Then there was some weird stuff: the somewhat phrase-y DENIES IT, ACES IT, and SEES ALL, the soprano role SENTAARTEL, “NOOP.” The initial articles in THE TEAM and A LEG UP looked off to me. And then there was just some straight up crosswordese, as you might expect: DURA next to SMEW, POLA and BOLA, etc. 

This isn’t Matt’s debut, but it’s my first time solving one of his puzzles, and I liked this one. Keep it up!

Until next time!

Martin Ashwood-Smith’s Sunday Challenge CrosSynergy crossword —Ade’s write-up  

CrosSynergy Sunday Challenge crossword solution, 12.13.15

CrosSynergy Sunday Challenge crossword solution, 12.13.15

Good day, everybody! Happy Sunday to you, and I hope you’re having a relaxing time to end the week.

Today’s grid was created by our friend from British Columbia, Mr. Martin Ashwood-Smith, and, in his grid, he gave a shout out to a Canadian province on the whole other side of the country, PEI (57D: [Canadian prov. named for royalty]). There wasn’t a 15-letter triple stack in the grid, but that doesn’t mean the grid wasn’t stacked with long entries, which I really love. The top featured a couple of -ists: SUFFRAGISTS (1A: [Voters’ rights group of the early 20the century]) and NUMEROLOGISTS (12A: [They may try to figure out the future]). Initially wanted to type in IGLU, thinking there might be an alternate spelling to “igloo,” but left it and waited for answers to fall before committing to the answer for good (8D: [Inuit word for “house”]). You usually don’t see two Roman numeral entries, but you do here (kind of) with DVI (23D: [Early sixth-century date]) and LIV (48A: [Woman who’s 54?]). Is Liv Tyler 54? Nope, she’s 38. Took a while to unearth SUNSET BOULEVARD from the recesses of my brain, but glad I remembered after a short while (1D: [Swanson film of 1950]). Of course, I’m pleased with the sports references on the far right with STATISTICIANS (13D: [Figureheads?]) and SPORTSCASTS (14d: [Game shows?]), though I know statisticians can refer to people who don’t work in sports as well. That, and I’ve been a statistician AND a sportscaster in my career. Thanks for the unintended shout out to my profession(s), MAS!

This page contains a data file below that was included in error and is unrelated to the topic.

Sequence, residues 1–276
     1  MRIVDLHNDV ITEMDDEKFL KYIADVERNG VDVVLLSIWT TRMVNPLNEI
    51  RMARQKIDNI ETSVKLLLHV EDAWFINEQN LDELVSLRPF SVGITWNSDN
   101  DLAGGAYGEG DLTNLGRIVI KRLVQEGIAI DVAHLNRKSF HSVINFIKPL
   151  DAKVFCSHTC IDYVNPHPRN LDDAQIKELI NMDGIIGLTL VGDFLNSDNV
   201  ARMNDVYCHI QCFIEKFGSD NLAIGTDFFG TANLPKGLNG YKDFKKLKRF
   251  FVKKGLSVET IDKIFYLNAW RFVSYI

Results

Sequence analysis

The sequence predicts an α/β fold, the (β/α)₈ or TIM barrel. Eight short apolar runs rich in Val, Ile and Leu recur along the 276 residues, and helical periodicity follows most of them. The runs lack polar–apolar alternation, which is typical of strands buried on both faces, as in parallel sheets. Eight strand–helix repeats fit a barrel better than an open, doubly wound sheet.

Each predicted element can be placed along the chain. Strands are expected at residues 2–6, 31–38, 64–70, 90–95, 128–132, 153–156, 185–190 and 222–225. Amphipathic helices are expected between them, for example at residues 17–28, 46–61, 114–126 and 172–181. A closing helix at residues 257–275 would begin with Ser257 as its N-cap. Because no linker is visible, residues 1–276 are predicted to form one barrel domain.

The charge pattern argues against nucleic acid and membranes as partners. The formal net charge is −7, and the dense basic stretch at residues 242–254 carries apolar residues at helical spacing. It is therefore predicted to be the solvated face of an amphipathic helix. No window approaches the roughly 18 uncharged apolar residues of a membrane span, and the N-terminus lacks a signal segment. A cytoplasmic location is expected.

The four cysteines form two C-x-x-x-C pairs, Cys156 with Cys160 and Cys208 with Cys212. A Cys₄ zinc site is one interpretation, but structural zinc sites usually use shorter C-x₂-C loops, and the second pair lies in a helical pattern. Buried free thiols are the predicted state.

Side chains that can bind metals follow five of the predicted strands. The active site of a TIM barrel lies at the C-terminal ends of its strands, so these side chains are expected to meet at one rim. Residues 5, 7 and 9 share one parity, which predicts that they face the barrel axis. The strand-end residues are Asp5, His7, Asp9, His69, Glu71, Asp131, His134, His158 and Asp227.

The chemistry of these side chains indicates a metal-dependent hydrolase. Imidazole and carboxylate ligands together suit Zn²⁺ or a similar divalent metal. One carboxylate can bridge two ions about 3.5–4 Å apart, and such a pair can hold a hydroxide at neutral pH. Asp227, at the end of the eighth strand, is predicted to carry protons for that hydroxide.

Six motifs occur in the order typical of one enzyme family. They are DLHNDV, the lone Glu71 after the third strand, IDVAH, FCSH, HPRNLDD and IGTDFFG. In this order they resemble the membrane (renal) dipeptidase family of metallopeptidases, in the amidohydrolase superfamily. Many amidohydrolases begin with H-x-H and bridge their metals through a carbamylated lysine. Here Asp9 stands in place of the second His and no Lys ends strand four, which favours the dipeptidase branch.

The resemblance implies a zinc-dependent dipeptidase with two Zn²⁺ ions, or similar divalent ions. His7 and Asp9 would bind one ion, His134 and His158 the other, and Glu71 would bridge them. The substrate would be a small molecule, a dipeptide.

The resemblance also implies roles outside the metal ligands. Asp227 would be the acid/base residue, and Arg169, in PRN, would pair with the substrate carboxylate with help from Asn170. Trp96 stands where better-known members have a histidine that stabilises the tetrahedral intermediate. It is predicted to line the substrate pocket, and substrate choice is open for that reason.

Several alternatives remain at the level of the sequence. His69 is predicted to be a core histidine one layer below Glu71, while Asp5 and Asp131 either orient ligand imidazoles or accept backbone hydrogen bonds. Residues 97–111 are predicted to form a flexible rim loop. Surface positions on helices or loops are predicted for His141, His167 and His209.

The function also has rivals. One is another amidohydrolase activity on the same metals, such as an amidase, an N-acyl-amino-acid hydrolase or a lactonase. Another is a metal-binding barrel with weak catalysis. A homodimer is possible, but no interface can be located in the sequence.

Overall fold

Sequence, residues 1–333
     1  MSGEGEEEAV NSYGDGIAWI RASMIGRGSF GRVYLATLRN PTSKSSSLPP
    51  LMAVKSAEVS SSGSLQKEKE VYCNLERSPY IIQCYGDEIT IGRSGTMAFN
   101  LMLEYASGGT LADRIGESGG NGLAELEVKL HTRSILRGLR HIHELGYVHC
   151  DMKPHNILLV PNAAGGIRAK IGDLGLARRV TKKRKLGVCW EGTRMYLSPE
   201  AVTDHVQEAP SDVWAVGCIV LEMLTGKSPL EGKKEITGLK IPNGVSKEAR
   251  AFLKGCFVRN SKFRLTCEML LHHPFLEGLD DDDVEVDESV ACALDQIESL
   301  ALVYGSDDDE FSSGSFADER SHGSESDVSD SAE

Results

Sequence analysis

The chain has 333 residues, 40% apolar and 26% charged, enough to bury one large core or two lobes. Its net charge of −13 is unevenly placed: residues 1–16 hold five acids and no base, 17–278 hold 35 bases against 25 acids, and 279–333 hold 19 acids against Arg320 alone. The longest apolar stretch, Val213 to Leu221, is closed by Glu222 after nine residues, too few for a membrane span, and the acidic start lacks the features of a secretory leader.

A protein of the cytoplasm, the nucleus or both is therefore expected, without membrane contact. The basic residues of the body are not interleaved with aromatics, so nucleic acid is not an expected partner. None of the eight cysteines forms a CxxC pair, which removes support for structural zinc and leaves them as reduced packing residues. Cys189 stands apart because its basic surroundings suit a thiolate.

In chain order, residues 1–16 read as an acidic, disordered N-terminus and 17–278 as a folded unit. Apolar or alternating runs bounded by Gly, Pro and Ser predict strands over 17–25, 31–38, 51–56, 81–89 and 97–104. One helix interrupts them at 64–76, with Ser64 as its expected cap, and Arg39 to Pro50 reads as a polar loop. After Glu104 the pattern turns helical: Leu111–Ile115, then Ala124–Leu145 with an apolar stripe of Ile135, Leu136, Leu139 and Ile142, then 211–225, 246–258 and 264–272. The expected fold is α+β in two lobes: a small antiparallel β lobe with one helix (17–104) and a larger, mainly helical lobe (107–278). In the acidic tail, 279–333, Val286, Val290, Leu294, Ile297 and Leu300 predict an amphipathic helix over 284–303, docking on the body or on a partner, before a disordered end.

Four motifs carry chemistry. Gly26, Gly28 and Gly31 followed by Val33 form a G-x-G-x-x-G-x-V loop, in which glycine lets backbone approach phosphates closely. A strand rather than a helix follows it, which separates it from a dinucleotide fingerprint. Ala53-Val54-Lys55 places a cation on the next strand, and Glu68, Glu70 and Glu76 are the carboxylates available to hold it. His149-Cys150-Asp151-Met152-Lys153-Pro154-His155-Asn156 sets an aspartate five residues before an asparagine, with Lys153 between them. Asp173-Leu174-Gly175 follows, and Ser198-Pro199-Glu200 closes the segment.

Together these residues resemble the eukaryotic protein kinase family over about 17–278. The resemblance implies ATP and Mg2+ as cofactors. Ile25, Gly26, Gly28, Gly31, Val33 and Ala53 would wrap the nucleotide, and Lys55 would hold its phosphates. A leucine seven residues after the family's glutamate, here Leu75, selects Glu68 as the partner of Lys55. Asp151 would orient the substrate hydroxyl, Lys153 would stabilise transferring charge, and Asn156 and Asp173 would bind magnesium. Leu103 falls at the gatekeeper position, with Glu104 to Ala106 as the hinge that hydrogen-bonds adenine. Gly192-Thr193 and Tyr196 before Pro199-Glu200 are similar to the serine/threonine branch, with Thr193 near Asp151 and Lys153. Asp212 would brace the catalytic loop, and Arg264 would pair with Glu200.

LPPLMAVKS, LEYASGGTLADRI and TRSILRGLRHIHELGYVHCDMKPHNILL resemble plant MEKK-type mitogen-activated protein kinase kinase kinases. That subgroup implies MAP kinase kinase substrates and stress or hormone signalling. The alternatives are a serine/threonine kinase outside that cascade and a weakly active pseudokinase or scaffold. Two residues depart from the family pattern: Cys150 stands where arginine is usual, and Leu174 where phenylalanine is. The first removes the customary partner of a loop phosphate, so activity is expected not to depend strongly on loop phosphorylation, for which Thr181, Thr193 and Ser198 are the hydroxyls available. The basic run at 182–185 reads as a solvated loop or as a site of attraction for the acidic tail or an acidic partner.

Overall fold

“Sports will make you smarter” moment of the day: GOAT (7D: [Big kid]) – Sometimes, you’ll hear someone refer to a transcending athlete as a “GOAT,” which actually is an abbreviation of “Greatest of All Time.” That nickname is most associated with Earl “The Goat” Manigault (1944-1998), a legendary New York City street basketball player.

Thank you for the time, and I’ll see you all tomorrow! Have a great rest of your weekend!


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18 Responses to Sunday, December 13, 2015

  1. tom says:

    The breakup of Free lead to the formation of Bad Company, a significantly more well known and commercially successful group.

  2. Bruce N. Morton says:

    That’s the trouble with my almost total knowledge void in this area. It was easy enough to fill in, but I had no idea that there was a theme, or if so, what it might be. I thought it was just a bunch of random, not very idiomatic phrases, and I couldn’t figure out why anyone thought the puzzle was publication worthy. E.g. “one direction traffic” echoes “one way traffic,” but so what? I guess “One Direction” and “Traffic” are both bands. In retrospect, I have heard of some of the individual bands, but I don’t think there was any entry where I had heard of both of them, except maybe Eagles Wings. But I can see now that on its own terms, it was an interesting puzzle.

  3. David L says:

    Not a very exciting theme, but I liked that it mixed old and new, as in ONEDIRECTIONTRAFFIC. I have never knowingly heard anything by the former, but the latter can be found on some YouTube videos that are well worth your time, if you care for that sort of thing.